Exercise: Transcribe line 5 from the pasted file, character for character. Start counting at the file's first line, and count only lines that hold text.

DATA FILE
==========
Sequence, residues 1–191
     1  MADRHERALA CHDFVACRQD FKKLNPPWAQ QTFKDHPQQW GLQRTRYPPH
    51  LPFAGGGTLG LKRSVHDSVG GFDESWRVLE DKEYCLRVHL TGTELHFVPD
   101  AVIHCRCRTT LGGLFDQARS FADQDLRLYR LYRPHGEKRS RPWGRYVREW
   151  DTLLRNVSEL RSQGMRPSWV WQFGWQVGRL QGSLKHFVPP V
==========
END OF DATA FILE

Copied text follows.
   151  DTLLRNVSEL RSQGMRPSWV WQFGWQVGRL QGSLKHFVPP V